Cleaning up independent living facilities and helping the vulnerable

By Mara W. Elliott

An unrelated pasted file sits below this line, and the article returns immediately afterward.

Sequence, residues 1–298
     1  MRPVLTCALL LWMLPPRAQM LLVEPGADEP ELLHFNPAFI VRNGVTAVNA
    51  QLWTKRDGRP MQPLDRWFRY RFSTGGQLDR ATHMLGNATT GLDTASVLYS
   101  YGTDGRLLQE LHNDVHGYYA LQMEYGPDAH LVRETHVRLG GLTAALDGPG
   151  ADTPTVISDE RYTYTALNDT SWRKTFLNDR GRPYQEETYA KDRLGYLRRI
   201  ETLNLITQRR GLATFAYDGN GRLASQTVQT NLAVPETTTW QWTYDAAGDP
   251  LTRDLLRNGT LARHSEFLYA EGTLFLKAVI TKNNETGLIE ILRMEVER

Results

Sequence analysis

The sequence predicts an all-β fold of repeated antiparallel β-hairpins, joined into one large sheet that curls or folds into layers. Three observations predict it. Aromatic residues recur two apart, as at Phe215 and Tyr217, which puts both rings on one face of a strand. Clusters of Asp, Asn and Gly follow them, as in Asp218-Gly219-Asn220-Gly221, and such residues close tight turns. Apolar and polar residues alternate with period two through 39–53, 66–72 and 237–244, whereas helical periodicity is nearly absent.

An “Independent Living Facility” (ILF) is a special type of group home where unrelated adults live and pay rent individually to a property owner or operator. When ILFs live up their promise, they are a boon for people of limited income who would otherwise fend for themselves in a high-priced housing market. When they don’t, and unscrupulous operators put their tenants’ health or safety at risk, my Office is empowered by the law to step in. Since 2018, we’ve been cracking down on operators who fail at their responsibilities as landlords and caretakers. Our prosecutors shut down seven ILFs and forced 35 others to correct their deficiencies and come into compliance with health codes and zoning laws. Seventeen cases are still open. Prosecution can send a message and lead to meaningful change. We’ve begun to see the fruits of our labors — the number of referrals to our Office has dropped significantly. Two years ago, we were receiving a dozen new referrals a month, and we’re now seeing two or three. Operators of assisted living or skilled nursing facilities are regulated by the state, which means that there are rules on the books, expectations are in place, and oversight occurs. ILFs, on the other hand, are unlicensed by any government entity. When ILF operators rent rooms to people they know are not independent, i.e., they cannot meet their own needs, such as bathing, feeding themselves, washing clothes, and taking medications, a predatory relationship can develop. Our cases have involved unscrupulous ILF operators who’ve pocketed rent money from residents, some of whom are mentally or physically disabled, while subjecting them to filthy and hazardous conditions. These stories are heartbreaking: rooms infested with bedbugs, roaches, and rodents; people living in filthy beds and wearing soiled clothes; and operators denying their tenants phone privileges. Urinary catheters neglected, dangerous conditions from the lack of proper medical care, horrific bedsores and more. Our inspectors have seen ILFs with inoperable showers and toilets, no refrigerators, and one where the owner unplugged the washing machine so residents wouldn’t “waste water.” We’ve intervened in situations where residents needed immediate hospitalization. Our work became even more critical during pandemic-related lockdowns. When our prosecution forces an operator out of business and substandard housing conditions exist, we assist in relocating their residents, many of whom are one step from homelessness. In those cases, a City Attorney’s Victim Services Coordinator works with the residents to find them appropriate housing where they will be treated with dignity and receive any services they need. This work could not be accomplished without the concerted efforts of many hardworking individuals in the city Code Enforcement Division and San Diego Police Department. These public servants partner with the City Attorney’s Nuisance Abatement Unit, led by Chief Deputy City Attorney Gabriela Brannan, to work together on an Independent Living Facilities task force. In addition to filing civil enforcement actions, Deputy City Attorney Joseph Raskin has investigated and criminally prosecuted our most egregious cases — criminal abuses by predatory ILF operators who exploit vulnerable victims, using the ILF exemption from licensing and inspection as a shield. Task force members agree that word has gotten out among ILF owners and operators that the City Attorney’s Office will come after them if they skirt the law. In addition to being forced to shut down, some ILF owners and operators have been ordered to pay civil penalties, fines, have been permanently enjoined from operating an unlicensed residential care facility in the City of San Diego, and have been placed on probation with jail time stayed pending compliance with the court’s order. Representatives from San Diego County Adult Protective Services and the California Department of Social Services Community Care Licensing Division have also joined the monthly task force meetings, to better share pertinent information and foster interagency cooperation. Together we’ve been able to stem the rising tide of badfaith ILF operators who willfully take advantage of those who need our protection the most. We will continue in this effort to hold accountable those who would profit from the misery of others, and ensure that neglected ILF residents receive the help they deserve.


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